This week we begin a new sermon series on Moses. In the book of Exodus, Moses’ and the Israelites’ world is turned completely upside down. They are disoriented and exposed and consistently waffle between disobedience and repentance. Sound familiar these days?
At times even Moses stumbled. Yet, we’re told that in his old age, Moses’ “eyes did not grow dim” (Deut. 34:7).
Even though I am sure that means he literally had good eyesight, it also reminds me of a spiritual truth. In Matthew 6, Jesus talks about storing treasures “in heaven” rather than on this diminishing earth. Then he says, “The eye is the lamp of the body. If your eye is healthy, your whole body will be full of light.” When we store all our deepest hope, confidence, and security in Jesus—when we fix our eyes on Jesus—our eyes are full of light.
You don’t need me to remind you how very difficult this can be. There is too much noise. There is too much going on in our world, and in our very minds, for us to easily affix our attention in any one place. How much more our current circumstances have magnified this simple reality!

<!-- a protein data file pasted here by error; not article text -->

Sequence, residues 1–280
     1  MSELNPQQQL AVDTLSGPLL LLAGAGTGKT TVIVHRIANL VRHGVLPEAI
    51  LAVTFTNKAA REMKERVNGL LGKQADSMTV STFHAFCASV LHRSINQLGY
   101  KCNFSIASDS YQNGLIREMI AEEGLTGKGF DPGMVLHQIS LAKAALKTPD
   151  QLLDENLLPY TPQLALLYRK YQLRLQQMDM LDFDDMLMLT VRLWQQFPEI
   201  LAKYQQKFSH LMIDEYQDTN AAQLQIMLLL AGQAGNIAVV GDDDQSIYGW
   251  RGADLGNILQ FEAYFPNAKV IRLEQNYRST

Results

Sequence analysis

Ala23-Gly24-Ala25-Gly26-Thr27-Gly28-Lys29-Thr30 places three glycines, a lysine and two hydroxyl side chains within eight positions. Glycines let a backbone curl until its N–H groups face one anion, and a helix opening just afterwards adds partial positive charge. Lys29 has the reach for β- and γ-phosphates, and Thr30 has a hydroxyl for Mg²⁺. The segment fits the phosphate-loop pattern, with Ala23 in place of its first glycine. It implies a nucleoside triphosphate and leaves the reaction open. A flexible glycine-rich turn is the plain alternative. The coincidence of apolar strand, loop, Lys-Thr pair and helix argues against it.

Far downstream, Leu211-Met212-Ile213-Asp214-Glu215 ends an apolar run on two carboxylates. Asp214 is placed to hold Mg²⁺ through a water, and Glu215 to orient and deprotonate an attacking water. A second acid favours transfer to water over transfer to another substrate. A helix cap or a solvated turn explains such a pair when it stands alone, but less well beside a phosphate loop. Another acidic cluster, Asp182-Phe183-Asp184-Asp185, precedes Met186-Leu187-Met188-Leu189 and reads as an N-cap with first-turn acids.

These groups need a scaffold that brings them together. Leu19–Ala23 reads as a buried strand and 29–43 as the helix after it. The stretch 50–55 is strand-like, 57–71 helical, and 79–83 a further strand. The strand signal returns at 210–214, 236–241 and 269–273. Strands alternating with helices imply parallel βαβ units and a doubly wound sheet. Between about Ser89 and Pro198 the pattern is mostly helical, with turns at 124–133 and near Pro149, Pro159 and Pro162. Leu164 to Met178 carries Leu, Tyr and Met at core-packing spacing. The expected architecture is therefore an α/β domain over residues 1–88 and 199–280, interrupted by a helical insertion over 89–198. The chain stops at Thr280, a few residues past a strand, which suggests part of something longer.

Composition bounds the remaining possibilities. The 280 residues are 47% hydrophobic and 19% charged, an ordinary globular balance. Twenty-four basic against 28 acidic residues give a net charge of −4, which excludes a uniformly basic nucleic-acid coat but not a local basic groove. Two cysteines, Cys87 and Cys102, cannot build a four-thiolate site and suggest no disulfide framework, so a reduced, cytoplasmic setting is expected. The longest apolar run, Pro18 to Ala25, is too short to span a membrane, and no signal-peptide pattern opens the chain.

I need a place to rest. I am longing to really fix my eyes on Jesus, to learn how to store up all my treasure in Him.
Here are a few things I am finding particularly helpful in this season: listening to certain worship songs on repeat (this week it’s “His Mercy is More”), thinking through scripture (this week it is Psalm 78), reading books that capture my imagination (yes, I just read Lord of the Rings, AGAIN) and books that anchor me to truth (lately Mere Christianity and The Divine Conspiracy), and carving out a few quiet mornings a week to do these things or to just go for a walk. Jesus working through these things together is helping me to fix my eyes on Him again and again.
Our gatherings together have always been an essential part of how I hear from and experience God. It has been so hard to be apart. I have been praying for us all – that our faith is preserved, and that, as we begin to gather together and share what God is doing in and around us, our faith is strengthened because we see that the same Jesus has been and is still at work in all of us.
I continue to pray that as we behold Jesus, the words of that old hymn come true: that it is not our eyes but “the things of the world [that] grow strangely dim, in the light of his glory and grace.”
(by Jenny Behrens, Life Group Coordinator in Mission)
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